The Daniel Quinn Files: Ishmael (3)

Last time we stopped before Alan could try to figure out what our culture’s creation myth is. It’s an interesting question to ponder for anyone. Let’s get to it then.

Alan’s try of telling our culture’s origin story goes something like this: the universe starts with the big bang, billions of years ago, life on earth starts five billion years ago, bacteria become more complex life forms, life moves to land, mammals, primates and finally man appeared. Now, is that a story you would agree with? I guess most people naturally would and yet Ishmael claims that the story is a myth. You are confused now, like Alan? That’s sort of the point.

To make his point, Ishmael tells him a different story. It takes place on earth half a billion years ago, when an anthropologist talks to a creature, asking him for their creation myth. The creature seems offended, saying they surely have a creation story they pass on to their children, but not a myth. He tells it anyway. In this story the universe starts billions of years ago, followed by the planet their own and life a billion years ago. When the anthropologist asks if it appeared on land or in the sea, the creature doesn’t know what he means by land, explaining that to him it’s just some bowl that holds the sea. Let’s hear the rest of the story as Quinn writes it:

“Very well,” the other said. “For many millions of centuries the life of the world was merely microorganisms floating helplessly in a chemical broth. But little by little, more complex forms appeared: single–celled creatures, slimes, algae, polyps, and so on.

“But finally,” the creature said, turning quite pink with pride as he came to the climax of his story, “but finally jellyfish appeared!”

Alan feels embarrassed or cheated but he realizes what Ishmael wanted to tell him: that our creation story ends with the appearance of men as the highlight of that story, the end point because we see humanity as the pinnacle of creation, assuming that creation has ended. Isn’t that what you would assume? Of course this leads to the further assumption that the world was created for man since he is what everything leads up to. If nothing better can come than man of course he is supposed to rule over everything that’s beneath him. It’s part of every major religion ("For man God framed this fair world; to man's use he adapted it with minutest care") and part of our culture’s belief no matter where you look.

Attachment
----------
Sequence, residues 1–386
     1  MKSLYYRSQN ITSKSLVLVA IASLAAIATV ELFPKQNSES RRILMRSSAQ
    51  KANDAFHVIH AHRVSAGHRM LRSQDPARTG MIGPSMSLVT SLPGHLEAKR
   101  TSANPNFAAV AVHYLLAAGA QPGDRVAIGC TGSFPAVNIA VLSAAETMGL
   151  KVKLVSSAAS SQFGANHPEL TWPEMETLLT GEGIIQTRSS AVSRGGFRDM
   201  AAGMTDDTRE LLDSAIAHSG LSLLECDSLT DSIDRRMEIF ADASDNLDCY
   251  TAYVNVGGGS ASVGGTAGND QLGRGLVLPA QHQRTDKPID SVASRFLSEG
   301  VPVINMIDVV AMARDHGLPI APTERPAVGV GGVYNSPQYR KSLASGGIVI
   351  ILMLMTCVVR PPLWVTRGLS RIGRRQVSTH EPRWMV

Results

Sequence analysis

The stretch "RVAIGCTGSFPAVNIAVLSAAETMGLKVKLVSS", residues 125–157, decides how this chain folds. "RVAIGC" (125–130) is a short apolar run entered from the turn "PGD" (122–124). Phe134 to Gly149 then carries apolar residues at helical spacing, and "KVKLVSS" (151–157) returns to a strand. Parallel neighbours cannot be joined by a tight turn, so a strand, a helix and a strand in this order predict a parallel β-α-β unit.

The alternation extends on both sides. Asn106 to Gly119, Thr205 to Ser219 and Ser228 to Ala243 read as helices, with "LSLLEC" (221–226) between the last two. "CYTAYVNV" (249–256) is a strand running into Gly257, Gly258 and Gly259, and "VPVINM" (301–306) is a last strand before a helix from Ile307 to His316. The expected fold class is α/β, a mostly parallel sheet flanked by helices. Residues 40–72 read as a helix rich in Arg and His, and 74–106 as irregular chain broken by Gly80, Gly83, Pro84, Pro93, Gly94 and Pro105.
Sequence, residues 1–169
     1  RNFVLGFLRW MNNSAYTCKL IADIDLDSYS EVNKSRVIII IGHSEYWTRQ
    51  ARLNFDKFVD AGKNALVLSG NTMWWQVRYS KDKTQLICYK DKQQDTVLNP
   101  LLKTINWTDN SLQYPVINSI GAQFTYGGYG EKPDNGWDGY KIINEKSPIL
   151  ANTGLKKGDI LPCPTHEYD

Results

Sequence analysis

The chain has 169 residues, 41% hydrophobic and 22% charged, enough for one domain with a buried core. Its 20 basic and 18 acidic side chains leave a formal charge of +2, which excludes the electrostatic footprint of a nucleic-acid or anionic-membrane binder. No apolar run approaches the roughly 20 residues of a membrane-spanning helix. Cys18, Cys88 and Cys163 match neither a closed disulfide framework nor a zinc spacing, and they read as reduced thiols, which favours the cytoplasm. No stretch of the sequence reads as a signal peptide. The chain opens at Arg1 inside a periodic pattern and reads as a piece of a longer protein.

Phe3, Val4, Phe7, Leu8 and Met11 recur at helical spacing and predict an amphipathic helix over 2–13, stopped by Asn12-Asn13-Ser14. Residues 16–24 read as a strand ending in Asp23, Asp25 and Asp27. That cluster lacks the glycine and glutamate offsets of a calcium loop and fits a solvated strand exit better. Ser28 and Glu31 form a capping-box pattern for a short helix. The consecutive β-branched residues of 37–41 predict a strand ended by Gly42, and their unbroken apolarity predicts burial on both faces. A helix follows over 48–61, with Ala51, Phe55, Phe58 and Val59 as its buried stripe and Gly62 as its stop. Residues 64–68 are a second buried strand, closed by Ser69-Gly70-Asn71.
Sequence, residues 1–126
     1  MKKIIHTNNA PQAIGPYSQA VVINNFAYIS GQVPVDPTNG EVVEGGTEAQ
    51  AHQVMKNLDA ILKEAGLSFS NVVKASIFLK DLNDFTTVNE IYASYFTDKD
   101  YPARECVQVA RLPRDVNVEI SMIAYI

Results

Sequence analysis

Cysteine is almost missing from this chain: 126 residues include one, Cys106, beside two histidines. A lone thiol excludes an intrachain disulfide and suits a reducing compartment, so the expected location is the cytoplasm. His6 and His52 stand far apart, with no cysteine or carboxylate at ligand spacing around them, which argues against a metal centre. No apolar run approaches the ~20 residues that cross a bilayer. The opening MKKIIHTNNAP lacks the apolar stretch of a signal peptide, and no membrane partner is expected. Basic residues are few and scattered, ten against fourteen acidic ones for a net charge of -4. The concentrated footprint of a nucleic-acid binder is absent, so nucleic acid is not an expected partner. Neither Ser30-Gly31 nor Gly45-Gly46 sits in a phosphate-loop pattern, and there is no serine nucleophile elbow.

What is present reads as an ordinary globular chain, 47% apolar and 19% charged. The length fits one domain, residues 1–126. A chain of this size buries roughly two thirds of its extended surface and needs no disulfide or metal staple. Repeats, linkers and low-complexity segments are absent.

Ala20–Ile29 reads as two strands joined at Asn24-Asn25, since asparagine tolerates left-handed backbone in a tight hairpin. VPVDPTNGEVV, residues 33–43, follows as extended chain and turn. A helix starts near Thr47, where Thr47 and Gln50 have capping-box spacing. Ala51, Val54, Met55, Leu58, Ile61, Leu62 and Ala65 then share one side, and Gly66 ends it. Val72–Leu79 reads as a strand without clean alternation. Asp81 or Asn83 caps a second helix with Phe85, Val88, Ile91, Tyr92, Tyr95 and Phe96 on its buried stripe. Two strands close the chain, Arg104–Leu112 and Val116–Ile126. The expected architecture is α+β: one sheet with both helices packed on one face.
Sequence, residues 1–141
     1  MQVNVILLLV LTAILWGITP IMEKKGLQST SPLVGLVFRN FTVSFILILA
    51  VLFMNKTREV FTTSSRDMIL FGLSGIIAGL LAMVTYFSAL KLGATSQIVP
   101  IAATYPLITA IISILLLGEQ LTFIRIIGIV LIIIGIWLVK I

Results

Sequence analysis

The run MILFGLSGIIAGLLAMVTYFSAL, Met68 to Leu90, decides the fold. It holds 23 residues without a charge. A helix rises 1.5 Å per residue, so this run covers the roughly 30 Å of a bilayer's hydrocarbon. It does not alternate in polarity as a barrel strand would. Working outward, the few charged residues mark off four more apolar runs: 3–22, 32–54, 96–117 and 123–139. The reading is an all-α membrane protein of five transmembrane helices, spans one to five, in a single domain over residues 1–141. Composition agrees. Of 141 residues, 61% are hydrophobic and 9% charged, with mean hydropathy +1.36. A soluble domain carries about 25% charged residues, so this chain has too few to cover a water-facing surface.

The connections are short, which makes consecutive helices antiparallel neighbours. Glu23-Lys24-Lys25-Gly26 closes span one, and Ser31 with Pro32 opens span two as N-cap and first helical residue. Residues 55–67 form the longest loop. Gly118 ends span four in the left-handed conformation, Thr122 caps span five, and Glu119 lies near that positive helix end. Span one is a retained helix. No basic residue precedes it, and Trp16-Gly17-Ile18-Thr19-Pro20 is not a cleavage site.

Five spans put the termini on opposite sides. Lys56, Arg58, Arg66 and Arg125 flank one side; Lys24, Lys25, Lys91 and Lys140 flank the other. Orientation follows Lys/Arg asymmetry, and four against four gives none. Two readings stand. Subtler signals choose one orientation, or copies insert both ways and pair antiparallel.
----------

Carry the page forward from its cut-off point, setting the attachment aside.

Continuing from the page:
But there is no evidence for that assumption, as the universe, the world, the species haven’t stopped their creational processes just because man appeared.

The universe went on as before, the planet went on as before. Man’s appearance caused no more stir than the appearance of jellyfish.

So, what does this make our creation a story? A myth. A myth that suggests that the birth of man was most important event in the history of the universe and that earth is simply there to serve man and keep him alive. Man seems to be really special, more special than any other creature, but the story does not reveal why that is supposed be true. If you think about how much philosophers and thinkers have spent time figuring out what man’s purpose is, you see one of the many fallacies of this myth.

Ishmael explains that every story needs a premise and the Taker’s story (our story) has the simple premise of The world was made for man. Again, it sounds simple but of course it has severe consequences that most people at least are aware of nowadays. If the world was made for man, we can do whatever we want with it.

That’s what’s been happening here for the past ten thousand years: You’ve been doing what you damn well please with the world. And of course you mean to go right on doing what you damn well please with it, because the whole damn thing belongs to you.

It’s our world, our forests, our seas, our environment and so on and so on.

Actually, all of this is just the beginning of our cultural story, again, the premise that’s the basis for everything else. I hope you see how important that premise is and how it still affects us every single day, how we re-tell it again and again. But it’s just the beginning and things will become even clearer when we get to the rest of the story.